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December 5, 2013

Elanco Kick-starts Ketosis Awareness in Scotland



“Ketosis in dairy cattle can be conquered if you are aware of its hidden dangers,” was the key message delivered by three ketosis experts during a recent, successful all-day seminar organised by Elanco Animal Health.

The exclusive event, held at the prestigious Barony College in Dumfries, attracted almost 50 dairy vets and farmers from across southern Scotland and provided attendees with a contemporary update on the complexities and true costs of the disease, as well as practical options for monitoring and prevention. The question and answer sessions were a source of lively, interactive discussions and the farm walk during the afternoon presented the perfect opportunity for a closer look at monitoring and prevention in the context of the resident dairy herd.

Subclinical ketosis is recognised as a huge problem for the dairy industry with losses of up to £500 per affected cow per year due to subclinical disease.1,2 Graeme Crawford, Scottish Key Account Manager for Elanco explains that subclinical disease is particularly problematic, “While we find that farmers know what to look for in terms of clinical disease, this is only the very tip of the iceberg and losses due to subclinical ketosis are actually even more devastating. Awareness of this hidden disease is crucial for the farmer, crucial for the cow and, ultimately, crucial for the future of the dairy industry.”

The day kicked off with Dr. Alastair Macrae, Senior Lecturer in Farm Animal Health and production at Edinburgh University, discussing the practicalities of monitoring ketosis in his lecture titled, “Why, where, when and what?” Dr. Macrae described the importance of continual monitoring for subclinical ketosis and highlighted some fundamental rules to follow, “You have to sample the right cows at the right stage in order to get reliable, worthwhile results. This means testing a representative sample of dry cows within ten days of calving and those in milk at ten to twenty days of lactation. The trick is in the timing.”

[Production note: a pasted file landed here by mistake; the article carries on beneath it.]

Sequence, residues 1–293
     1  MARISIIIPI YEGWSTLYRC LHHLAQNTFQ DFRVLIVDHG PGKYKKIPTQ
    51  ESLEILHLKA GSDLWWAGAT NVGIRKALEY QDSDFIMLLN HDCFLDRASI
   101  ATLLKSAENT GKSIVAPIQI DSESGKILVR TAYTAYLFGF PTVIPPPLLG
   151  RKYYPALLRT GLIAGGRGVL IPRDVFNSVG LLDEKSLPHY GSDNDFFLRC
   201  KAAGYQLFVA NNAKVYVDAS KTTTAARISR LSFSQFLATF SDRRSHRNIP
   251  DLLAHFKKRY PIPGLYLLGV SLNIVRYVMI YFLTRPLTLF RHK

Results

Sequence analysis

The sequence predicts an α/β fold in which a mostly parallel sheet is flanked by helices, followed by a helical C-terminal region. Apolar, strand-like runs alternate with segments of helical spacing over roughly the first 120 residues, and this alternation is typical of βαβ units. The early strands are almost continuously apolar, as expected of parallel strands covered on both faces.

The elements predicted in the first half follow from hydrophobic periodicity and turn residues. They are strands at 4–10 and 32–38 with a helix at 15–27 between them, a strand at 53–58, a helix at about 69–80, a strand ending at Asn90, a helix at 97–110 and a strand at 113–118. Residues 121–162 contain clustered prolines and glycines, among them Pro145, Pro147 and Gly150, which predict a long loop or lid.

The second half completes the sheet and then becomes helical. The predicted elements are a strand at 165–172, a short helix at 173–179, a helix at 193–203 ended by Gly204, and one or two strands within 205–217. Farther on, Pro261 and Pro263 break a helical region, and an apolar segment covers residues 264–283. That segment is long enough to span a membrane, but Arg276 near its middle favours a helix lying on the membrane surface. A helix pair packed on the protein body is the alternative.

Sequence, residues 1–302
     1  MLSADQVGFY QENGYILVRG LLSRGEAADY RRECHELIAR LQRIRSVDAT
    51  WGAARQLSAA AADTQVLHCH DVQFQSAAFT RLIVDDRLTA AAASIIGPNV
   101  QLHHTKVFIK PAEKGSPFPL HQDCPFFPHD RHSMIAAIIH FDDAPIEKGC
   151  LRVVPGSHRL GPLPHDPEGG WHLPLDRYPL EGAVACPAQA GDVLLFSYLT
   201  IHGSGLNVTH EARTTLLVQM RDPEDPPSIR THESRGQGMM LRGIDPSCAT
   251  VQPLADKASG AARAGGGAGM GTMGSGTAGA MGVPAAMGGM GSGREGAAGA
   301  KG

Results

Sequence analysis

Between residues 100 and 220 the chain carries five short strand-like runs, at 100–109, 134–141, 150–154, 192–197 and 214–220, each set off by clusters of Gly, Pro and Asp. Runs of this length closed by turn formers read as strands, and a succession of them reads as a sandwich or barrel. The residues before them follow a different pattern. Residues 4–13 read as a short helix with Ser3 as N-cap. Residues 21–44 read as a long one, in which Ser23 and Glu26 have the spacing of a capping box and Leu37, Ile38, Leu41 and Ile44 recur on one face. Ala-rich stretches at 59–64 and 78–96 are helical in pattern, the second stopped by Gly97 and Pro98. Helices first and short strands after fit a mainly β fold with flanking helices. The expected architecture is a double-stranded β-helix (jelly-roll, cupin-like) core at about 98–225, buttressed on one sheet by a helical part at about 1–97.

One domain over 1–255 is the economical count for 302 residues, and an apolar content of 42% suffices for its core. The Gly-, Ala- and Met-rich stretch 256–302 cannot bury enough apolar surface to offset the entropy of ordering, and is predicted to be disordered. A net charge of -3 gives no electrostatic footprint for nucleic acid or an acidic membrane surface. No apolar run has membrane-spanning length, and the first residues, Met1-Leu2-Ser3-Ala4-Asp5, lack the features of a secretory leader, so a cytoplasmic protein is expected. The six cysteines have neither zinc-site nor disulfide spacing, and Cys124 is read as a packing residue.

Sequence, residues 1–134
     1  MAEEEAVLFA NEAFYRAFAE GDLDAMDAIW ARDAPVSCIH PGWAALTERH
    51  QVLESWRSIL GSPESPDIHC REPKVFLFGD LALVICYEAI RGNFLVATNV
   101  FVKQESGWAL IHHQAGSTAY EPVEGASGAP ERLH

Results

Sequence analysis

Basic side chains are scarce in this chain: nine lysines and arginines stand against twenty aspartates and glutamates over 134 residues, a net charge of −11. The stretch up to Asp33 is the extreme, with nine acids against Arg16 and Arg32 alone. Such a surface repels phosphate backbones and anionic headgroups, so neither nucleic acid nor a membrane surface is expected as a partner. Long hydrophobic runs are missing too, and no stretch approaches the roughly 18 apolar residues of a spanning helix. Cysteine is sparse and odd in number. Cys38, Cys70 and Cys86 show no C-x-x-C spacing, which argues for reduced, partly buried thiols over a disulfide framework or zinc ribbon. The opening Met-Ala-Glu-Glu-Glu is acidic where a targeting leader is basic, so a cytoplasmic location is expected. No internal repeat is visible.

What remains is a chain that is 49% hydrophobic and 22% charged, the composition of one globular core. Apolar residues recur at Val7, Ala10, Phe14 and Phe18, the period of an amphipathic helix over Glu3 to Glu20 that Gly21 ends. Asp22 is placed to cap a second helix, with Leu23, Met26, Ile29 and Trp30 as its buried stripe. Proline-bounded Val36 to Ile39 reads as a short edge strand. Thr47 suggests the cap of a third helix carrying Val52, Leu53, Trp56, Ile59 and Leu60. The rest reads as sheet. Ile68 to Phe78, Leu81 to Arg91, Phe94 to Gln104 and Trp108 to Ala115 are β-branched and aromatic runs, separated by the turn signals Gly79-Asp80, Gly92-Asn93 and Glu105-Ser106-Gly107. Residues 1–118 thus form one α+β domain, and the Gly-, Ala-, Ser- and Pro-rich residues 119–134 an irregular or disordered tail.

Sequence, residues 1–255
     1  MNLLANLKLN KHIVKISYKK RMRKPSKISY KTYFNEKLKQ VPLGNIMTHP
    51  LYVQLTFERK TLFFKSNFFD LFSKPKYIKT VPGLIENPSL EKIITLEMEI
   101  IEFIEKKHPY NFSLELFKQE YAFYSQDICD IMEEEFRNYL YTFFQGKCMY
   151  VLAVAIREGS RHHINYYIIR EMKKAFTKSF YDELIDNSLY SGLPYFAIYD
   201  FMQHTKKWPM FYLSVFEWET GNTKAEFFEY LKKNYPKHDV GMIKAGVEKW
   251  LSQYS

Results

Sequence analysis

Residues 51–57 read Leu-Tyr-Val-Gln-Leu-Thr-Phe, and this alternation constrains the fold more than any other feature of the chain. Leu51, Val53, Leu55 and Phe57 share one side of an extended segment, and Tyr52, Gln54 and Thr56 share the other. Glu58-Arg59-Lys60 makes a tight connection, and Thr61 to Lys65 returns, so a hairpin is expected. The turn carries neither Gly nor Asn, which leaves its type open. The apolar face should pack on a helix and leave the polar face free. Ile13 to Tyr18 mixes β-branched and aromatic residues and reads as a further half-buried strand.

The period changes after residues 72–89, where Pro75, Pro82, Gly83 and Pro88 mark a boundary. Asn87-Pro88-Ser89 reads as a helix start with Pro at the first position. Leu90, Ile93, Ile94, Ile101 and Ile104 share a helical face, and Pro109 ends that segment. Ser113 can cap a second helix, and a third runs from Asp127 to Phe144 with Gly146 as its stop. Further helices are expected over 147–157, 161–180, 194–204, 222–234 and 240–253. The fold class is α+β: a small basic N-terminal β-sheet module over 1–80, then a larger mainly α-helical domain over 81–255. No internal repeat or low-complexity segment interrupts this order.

Mr Colin Mason, Centre Manager at the Dumfries Disease Surveillance Centre, cut quickly to the bottom line of the effects of ketosis on fertility describing it as the biggest contributor to economic loss. Mr Mason emphasised that it is no good waiting until these reductions in reproductive performance become apparent and that pro-active steps have to be taken to reinforce reproductive strategies in the dairy herd.

The last session of the day saw Mike Christian, Elanco Ruminant Technical Consultant, discuss how producers can reduce the incidence of ketosis in their herds, “As clinical ketosis is the tip of the iceberg, tailored monitoring and positive intervention is the only way to identify and target sub-clinical ketosis.”

The afternoon’s farm walk facilitated an in-depth look at the practicalities of ketosis prevention in the resident dairy herd, as well as providing an opportunity for members of the congregation to share their own experiences. Graeme commented, “The chance to meet with so many large herd professionals in this beautiful setting and provide such prominent expertise has been an extremely valuable opportunity that Elanco is delighted to support.”

 For more information, contact Elanco Animal Health, Lilly House, Priestley Road, Basingstoke, Hampshire, RG24 9NL, Tel 01256 353131, Fax 01256 779510 Email elancouk@lilly.com

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